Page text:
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Old 12-08-2019, 01:29 PM   #21
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I saw the first video a couple of years ago. After watching it I would not put that stuff in a house.

I still would probably put it in a bus if I had the opportunity. If something went wrong in a bus it is a few thousand dollars and not that hard to recover from. A house on the other hand would be a nightmare..

My bus was a budget build and spray foam didn't fit into that. I got a bunch of pink foam board and it works just fine. I have been hanging out in below freezing temps with a wood stove staying very toasty.
The things "that happen" , happen during curing in the first hour. If there's an issue it's the installers problem and not something that goes negative after time.
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Old 12-08-2019, 01:56 PM   #22
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The things "that happen" , happen during curing in the first hour. If there's an issue it's the installers problem and not something that goes negative after time.
I also got the impression it was the error of the installer. Which makes it more scary to me, insinuation is not the nicest job so I am sure it attracts a good amount of idiots and general hacks who do not take much pride in workmanship.
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Old 12-08-2019, 06:41 PM   #23
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So if I understand you correctly, you are able to heat your poorly insulated bus using "only" 4500 watts of electric heaters, with a buddy propane heater and 30K BTU propane heater (both open flame?) as back ups? Mind blowing...

At least you are actually living on your bus unlike the rest of us "under construction posers"...
LOL i was going to point that out, too. That is a LOT of heat to be throwing around.
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Old 12-08-2019, 07:28 PM   #24
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LOL i was going to point that out, too. That is a LOT of heat to be throwing around.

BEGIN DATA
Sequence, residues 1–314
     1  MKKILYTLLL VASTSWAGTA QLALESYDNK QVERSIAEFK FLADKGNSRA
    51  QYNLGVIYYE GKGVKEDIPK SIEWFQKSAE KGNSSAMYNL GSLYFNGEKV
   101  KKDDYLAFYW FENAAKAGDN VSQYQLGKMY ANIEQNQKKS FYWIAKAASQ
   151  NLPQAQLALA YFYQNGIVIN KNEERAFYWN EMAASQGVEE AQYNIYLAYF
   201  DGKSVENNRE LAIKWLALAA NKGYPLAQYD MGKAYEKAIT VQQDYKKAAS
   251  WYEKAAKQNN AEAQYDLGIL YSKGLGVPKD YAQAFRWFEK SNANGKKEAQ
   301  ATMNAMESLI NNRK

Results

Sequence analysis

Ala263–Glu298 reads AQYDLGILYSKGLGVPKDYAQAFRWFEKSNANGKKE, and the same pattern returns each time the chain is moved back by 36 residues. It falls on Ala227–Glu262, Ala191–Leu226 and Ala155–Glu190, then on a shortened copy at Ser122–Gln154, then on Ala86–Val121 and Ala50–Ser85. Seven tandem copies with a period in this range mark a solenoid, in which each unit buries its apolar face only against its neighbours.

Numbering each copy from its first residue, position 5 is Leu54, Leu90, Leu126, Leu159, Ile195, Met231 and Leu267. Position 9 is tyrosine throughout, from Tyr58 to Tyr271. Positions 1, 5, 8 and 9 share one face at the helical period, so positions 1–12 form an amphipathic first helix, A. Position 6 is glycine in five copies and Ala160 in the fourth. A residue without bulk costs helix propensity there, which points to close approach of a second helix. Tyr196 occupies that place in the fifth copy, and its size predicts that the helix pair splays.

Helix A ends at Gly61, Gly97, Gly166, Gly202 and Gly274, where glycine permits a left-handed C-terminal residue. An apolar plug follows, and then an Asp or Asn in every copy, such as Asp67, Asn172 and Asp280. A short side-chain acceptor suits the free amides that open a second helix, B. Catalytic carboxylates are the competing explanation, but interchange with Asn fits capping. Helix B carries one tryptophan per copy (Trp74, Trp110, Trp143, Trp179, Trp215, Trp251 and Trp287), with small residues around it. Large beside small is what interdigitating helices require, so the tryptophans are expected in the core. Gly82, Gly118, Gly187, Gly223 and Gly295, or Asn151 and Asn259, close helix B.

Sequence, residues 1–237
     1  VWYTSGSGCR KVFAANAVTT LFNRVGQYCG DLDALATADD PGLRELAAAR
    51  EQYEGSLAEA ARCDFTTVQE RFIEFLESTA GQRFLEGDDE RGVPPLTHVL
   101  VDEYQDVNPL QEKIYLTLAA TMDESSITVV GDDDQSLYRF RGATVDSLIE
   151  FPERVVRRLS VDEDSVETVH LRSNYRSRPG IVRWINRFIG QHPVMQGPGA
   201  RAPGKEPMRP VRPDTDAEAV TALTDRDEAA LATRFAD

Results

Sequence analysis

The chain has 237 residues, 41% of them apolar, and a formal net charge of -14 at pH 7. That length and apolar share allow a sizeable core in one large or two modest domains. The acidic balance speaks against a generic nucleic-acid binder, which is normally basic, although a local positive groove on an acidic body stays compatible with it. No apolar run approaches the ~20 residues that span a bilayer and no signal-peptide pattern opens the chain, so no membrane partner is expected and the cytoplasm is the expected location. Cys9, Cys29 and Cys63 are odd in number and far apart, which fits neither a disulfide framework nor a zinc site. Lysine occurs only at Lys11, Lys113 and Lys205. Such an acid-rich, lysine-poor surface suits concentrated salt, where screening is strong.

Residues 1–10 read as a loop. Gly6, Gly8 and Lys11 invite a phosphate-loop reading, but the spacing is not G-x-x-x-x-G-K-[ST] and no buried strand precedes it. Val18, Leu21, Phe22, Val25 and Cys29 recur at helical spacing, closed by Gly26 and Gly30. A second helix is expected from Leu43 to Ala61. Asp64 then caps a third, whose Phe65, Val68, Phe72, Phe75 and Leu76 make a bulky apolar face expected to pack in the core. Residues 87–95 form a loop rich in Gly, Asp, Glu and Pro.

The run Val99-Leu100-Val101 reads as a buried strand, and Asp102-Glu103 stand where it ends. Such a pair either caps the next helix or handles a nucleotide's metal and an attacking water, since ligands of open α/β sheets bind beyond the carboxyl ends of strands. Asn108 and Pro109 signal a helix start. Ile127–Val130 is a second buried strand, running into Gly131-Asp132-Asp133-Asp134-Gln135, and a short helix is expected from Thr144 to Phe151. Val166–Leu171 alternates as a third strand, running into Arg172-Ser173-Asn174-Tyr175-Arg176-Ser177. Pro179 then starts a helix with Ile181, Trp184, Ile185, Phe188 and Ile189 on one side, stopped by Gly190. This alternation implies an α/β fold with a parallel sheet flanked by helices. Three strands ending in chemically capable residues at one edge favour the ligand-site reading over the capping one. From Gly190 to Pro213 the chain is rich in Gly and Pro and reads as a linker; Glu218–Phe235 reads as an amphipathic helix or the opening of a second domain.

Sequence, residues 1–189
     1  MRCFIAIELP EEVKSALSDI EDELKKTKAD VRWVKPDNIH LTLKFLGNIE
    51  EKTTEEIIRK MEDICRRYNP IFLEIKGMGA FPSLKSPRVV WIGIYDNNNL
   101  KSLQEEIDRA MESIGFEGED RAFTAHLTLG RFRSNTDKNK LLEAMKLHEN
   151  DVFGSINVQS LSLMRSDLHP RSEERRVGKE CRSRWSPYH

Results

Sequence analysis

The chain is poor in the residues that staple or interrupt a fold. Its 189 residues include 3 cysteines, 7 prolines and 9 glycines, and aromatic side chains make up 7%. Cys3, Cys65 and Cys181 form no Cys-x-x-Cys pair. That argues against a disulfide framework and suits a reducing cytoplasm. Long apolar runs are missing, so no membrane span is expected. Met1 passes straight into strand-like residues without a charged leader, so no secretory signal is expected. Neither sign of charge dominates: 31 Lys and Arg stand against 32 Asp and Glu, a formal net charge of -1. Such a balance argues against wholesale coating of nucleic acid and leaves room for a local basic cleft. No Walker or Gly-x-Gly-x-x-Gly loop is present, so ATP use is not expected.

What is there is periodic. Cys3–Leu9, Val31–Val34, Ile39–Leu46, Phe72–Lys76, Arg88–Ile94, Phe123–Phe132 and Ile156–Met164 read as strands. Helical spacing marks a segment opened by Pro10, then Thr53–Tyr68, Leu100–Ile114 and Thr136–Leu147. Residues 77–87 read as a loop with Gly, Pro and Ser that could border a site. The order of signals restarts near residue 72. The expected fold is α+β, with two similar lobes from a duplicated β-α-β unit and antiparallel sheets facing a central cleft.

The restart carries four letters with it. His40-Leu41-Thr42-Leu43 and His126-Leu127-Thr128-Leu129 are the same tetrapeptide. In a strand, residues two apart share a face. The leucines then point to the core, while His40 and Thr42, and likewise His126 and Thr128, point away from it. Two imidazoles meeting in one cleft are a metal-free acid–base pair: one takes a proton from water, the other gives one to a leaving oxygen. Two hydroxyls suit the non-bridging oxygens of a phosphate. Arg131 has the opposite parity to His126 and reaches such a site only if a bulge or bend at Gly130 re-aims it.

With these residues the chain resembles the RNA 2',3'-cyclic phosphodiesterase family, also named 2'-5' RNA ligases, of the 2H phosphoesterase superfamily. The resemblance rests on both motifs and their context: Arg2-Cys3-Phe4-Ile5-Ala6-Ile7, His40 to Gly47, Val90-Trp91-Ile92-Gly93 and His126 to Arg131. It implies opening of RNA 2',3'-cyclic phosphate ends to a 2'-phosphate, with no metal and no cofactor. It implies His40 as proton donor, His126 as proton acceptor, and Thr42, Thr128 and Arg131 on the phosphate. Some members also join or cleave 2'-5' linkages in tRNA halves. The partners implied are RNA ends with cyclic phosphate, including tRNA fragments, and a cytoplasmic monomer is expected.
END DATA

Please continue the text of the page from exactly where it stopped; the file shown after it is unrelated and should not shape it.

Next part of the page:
Typically all were not turned up on high though, especially not the back bed room it's never on high, not even on a real windy night and cold night.
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Old 12-10-2019, 07:36 AM   #25
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Patrick I find it interesting that you wouldn’t spray foam your bus for health reason be but you heat your bus with an unventilated propane heater. I think their is some major consideration that should be put into what materials are being put in the bus. Houses have a larger volume of air with constant airflow and ventilation. A bus on the other hand is a small tube that gets shut up tight to heat. That being said I sprayfoamed my bus and honestly think that rigid foam probably would have done a comparable job for a whole lot less money.
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Old 12-10-2019, 07:49 AM   #26
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Patrick I find it interesting that you wouldn’t spray foam your bus for health reason be but you heat your bus with an unventilated propane heater. I think their is some major consideration that should be put into what materials are being put in the bus. Houses have a larger volume of air with constant airflow and ventilation. A bus on the other hand is a small tube that gets shut up tight to heat. That being said I sprayfoamed my bus and honestly think that rigid foam probably would have done a comparable job for a whole lot less money.
I.m not using LP this year, last year I did. LP is clean burning as long as the flame is blue, you just have to make sure that it doesn't consume all the O2.
I already stated I used foam board, just not in the roof yet anyways.
I also ran a O2 monitor as well to ensure there was plenty of air to breathe and we didn't have a problem at all.

Like you said though, big difference in spray foaming an attic of a vented house vs spraying the living space of a tiny tube trying to make in non-vented while looking at the gillions of homes saying if it's good enough for the people in houses it will be just as good in my living tube....
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Old 12-11-2019, 04:20 PM   #27
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Considering the end-of-life of the products we use, there are many materials that are better than spray foam.